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Multiple ratios exist to describe heating and cooling system performance. COP (Coefficient of Performance) evaluates system efficiency and is particularly suited for heating performance of heat pumps. EER (Energy Efficiency Ratio)is a similar ratio but better communicates the cooling efficiency of air-conditioners and heat pump systems. Finally, SEER (Seasonal Energy Efficiency Ratio) provides an indication of how the EER is affected by a range of different outside temperatures over the course of a cooling season. All of these ratios compare the amount of heating or cooling produced by an air-conditioner or heat pump, to the amount of electricity used to produce that comfort. The U.S. Environmental Protection Agency defined energy efficiency as using less energy to get the same job done, and in the process avoid higher utility bills and unnecessary pollution. A larger ratio indicates higher energy efficiency, or less energy is used to produce the same amount of heating and cooling. Comparing geothermal heat pump efficiency ratios to air-source heat pump or an air-conditioner yields significant insights as to why GSHP is the pinnacle of performance.
All heat pumps have the ability to produce both heating and cooling and therefore are rated in terms of both COP and EER. A ground-source heat pump can achieve COP efficiencies of 4.7 in heatingand 32 EER in cooling. In comparison, a standard air source heat pump may reach a heating COP of only 3.8 with dramatically lower cooling EER of 15, and suffer efficient loses with extreme outdoor temperatures. Although standard air-conditioners do not provide heating, a comparison of their cooling EER can be made. The most common system installed generally operate at an anemic 11 EER. The bottom line: ground source heat pumps perform exceptionally better than any other HVAC system available both in terms of heating and cooling efficiency.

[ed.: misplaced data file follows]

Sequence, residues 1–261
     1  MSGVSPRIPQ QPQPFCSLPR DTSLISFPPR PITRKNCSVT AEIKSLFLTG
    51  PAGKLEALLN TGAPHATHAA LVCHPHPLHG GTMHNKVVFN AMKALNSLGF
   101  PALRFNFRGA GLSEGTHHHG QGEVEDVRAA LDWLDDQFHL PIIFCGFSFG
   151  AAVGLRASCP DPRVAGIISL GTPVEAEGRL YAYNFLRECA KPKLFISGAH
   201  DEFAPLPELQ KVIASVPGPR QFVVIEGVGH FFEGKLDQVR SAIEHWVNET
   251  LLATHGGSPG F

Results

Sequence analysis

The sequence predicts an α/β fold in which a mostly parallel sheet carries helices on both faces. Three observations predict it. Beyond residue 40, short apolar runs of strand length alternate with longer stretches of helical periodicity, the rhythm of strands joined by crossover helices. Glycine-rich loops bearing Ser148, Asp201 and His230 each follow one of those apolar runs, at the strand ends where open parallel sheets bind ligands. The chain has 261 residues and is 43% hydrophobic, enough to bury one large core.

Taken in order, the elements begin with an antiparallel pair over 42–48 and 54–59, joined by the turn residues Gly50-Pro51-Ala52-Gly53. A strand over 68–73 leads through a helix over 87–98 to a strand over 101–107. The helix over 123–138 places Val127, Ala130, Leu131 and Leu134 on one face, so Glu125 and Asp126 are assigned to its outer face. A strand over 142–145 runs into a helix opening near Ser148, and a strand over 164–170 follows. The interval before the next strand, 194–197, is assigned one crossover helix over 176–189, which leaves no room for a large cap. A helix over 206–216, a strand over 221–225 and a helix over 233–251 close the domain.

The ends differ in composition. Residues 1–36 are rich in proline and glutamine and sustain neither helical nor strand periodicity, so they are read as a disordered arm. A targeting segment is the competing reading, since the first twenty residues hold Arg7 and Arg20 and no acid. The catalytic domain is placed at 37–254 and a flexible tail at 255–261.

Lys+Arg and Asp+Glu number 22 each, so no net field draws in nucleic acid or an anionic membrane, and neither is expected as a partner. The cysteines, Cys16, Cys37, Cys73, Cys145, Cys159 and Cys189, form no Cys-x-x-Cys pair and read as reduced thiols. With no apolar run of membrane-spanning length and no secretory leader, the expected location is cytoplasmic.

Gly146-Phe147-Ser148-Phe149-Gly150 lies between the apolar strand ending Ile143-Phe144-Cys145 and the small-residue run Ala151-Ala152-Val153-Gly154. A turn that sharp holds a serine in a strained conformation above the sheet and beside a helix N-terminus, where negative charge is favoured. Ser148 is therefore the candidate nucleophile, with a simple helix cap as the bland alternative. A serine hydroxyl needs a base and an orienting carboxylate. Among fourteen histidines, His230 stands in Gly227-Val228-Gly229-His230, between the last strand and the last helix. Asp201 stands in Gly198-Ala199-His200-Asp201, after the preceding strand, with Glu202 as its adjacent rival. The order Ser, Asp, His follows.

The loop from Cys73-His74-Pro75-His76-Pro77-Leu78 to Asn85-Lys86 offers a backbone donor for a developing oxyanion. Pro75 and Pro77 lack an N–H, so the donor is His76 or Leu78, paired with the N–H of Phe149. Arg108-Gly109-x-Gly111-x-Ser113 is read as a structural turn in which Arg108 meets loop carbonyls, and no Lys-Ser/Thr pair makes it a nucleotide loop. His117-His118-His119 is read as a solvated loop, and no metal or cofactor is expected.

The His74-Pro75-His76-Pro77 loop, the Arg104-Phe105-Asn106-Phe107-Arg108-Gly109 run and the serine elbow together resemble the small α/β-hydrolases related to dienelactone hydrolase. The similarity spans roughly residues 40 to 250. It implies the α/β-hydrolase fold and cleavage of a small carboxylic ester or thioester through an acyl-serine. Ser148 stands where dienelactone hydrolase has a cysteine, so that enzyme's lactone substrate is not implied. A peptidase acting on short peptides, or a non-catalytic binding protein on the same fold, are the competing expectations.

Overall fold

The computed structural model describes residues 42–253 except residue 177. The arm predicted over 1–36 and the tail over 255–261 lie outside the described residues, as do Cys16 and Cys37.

Home Performance Group Geothermal Heat Pumps in Kansas City
If you are building a new home or seeking an energy retrofit for an existing home, explore ground-source heat pumps with your contractor. In addition to the intrinsic benefits above, there are numerous rebates and credits available from utility providers, and state and federal governments. Available incentives in many cases make geothermal heat pumps less expensive than high pollution, inefficient heating and cooling systems.
At Home Performance Group, we continue to operate at the cutting edge of heating, cooling, electrical and plumbing technology. We invest in technical training so our team can accurately design, specify and install ground-source heat pumps. Our in-home consultations are no cost, and with a system purchase include a copy of the system design. Alternatively, if you choose not to buy from us, we can provide you the load calculation and design for a nominal fee.